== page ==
NO CHANGE ON YUAN, FOREX LANGUAGE
The G20, which makes up 85 % of global output, is less united today than at the height of the financial crisis in 2009 when it launched coordinated stimulus to pull the world out of recession.
The rest of the world is now chafing at Europe's slow response while Washington and Beijing are sparring over the yuan currency.
Chinese Premier Wen Jiabao rebuffed US pressure to let the yuan appreciate, assuring exporters at the Canton Fair in Guangzhou that China's exchange rate would remain "basically stable" to protect them.
The draft G20 communique contained language on exchange rates that was no harsher than at their last meeting in Washington. Ministers agreed that advanced economies would cut deficits while emerging economies would continue their move towards greater exchange rate flexibility and boost domestic consumption.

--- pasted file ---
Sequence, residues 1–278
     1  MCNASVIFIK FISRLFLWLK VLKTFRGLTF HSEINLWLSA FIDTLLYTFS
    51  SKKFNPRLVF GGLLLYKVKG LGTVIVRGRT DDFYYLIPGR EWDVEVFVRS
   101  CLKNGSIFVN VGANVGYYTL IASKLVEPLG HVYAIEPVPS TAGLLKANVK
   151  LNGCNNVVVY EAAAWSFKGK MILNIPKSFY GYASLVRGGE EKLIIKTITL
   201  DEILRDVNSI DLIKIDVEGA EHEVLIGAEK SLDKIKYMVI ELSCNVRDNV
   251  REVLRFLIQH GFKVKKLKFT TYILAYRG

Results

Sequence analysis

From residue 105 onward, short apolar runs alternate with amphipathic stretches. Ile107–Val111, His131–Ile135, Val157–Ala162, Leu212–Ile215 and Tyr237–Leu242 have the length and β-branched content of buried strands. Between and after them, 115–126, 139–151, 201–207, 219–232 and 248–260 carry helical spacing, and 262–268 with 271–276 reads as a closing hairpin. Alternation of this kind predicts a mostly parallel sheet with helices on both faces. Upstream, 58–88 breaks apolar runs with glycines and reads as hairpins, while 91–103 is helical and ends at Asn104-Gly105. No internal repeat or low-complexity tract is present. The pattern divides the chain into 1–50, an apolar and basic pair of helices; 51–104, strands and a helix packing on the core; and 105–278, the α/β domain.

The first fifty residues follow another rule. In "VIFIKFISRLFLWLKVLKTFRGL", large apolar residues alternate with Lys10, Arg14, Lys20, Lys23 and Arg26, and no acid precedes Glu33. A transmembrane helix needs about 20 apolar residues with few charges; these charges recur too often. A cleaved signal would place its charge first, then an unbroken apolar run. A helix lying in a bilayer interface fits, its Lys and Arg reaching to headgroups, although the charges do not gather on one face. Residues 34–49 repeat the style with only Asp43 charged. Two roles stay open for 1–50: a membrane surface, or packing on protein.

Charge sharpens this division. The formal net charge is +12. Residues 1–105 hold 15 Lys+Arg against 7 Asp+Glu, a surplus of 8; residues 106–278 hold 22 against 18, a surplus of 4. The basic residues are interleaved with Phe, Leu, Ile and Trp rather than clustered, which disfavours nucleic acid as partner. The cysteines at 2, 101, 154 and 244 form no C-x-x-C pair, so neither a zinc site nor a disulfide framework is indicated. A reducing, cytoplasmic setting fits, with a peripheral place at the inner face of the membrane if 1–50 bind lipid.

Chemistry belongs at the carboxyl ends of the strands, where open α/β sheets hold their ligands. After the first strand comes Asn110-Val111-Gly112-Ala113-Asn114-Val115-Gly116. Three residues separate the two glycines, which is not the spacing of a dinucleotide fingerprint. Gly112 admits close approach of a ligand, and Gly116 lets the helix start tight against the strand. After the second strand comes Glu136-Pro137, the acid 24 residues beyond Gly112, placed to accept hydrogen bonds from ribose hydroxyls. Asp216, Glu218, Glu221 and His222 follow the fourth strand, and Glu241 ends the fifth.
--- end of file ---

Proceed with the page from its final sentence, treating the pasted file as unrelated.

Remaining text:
"Advanced economies, taking into account different international circumstances, will adopt policies to build confidence and support growth and implement clear, credible, specific measures to achieve fiscal consolidation," the draft said.
"Surplus emerging market economies will accelerate the implementation of structural reforms to rebalance demand toward more domestic consumption, supported by continued efforts to move toward more market-determined exchange rate systems and achieve greater exchange rate flexibility to reflect economic fundamentals."
G20 sources said China gave no indication it was prepared to change pace on greater flexibility of its yuan currency but would commit to boost consumption through a five-year plan, via households and companies as well as infrastructure.
French President Nicolas Sarkozy wants progress on bigger goals such as setting parameters to measure global imbalances and reining in speculative capital flows at a Nov. 3-4 summit in Cannes, where France passes the G20 baton to Mexico.
A finance ministry source said France hoped to have two or three measures agreed by then for countries showing imbalances: consolidation measures for those with high deficits and stimulus measures for those with surpluses.
A communique and round of closing news conferences are expected around 1500 GMT.